Former radio host, member of parliament and bus driver Andre Arthur has died at age 78

Independant MP Andre Arthur applauds the Conservative supporters as he attends the Prime Minister Stephen Harper speech at Saint-Narcisse-de-Beaurivage, south of Quebec City on Saturday April 28, 2007. (CP PHOTO/Clement Allard)

Former Quebec radio host Andre Arthur died Sunday.

While he was hospitalized for a few days, according to his own messages on Twitter, he himself prepared tweets announcing his death, which were published Sunday evening. He was 78 years old.

The cause of death was not communicated.

On Wednesday, he announced on social media that he discovered he had chronic obstructive pulmonary disease that was never diagnosed. The death occurred at the University Institute of Cardiology and Pneumology of Quebec.

J’ai eu le privilège d’avoir eu une carrière de chauffeur d'autocar, d’arbitre de sport, d’élu à la chambre des communes comme indépendant sans allégeance à un parti, une place dans les médias qui j’espère n’a laissé personne indiffèrent et que j’ai réussi à vous faire rire. pic.twitter.com/ub3RlKCro8

— André Arthur (@AndreAr94310915) May 9, 2022

Controversial, calling himself a polemicist, he occupied the airwaves in Quebec City since the early 1980s.

Arthur was also an independent Member of Parliament for the federal riding of Portneuf--Jacques-Cartier from 2006 to 2011.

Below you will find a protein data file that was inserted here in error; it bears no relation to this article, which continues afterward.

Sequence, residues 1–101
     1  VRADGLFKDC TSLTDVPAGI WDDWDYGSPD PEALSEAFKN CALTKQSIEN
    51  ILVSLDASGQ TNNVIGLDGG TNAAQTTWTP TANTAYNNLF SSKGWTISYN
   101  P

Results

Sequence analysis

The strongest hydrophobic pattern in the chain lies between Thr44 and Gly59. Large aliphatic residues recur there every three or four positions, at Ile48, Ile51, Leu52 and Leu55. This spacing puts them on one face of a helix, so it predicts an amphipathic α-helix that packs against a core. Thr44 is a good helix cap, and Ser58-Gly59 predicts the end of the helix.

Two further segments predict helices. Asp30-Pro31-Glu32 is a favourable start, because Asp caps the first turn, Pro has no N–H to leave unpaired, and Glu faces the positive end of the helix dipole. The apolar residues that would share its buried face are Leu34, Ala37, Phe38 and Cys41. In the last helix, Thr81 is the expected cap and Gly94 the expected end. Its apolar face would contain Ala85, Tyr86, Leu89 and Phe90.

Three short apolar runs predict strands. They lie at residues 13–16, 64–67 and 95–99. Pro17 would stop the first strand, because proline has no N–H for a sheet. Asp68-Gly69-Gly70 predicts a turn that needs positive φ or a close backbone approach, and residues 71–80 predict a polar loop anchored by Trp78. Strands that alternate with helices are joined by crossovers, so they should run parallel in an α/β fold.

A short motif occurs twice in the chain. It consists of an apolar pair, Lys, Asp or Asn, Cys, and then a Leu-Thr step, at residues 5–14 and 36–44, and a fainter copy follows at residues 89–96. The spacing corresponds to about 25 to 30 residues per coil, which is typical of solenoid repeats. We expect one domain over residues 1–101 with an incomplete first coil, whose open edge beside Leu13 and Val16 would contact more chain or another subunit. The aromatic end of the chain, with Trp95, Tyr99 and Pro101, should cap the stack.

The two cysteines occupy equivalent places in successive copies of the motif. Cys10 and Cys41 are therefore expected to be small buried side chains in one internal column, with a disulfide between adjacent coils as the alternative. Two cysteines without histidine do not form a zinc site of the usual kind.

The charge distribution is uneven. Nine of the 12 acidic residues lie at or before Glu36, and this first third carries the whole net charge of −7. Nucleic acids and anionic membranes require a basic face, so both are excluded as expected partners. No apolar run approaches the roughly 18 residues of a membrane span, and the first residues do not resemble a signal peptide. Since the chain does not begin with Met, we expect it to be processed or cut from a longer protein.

After his election defeat, he made a return to radio, which was not without controversy. He was notably fired by CHOI Radio X in 2016, and then by BLVD 102.1 radio, after making homophobic remarks in 2018.

"I had the privilege of having had a career as a bus driver, a sports referee, elected to the House of Commons as an independent without allegiance to a party, a place in the media that I hope left no one indifferent and that I managed to make you laugh," he wrote in his posthumous tweet.

Arthur is survived by his son René, his three grandchildren, his daughter Pascale, his 'tender Lucy' and his brother Louis.

-- This report by The Canadian Press was first published in French on May 9, 2022. 

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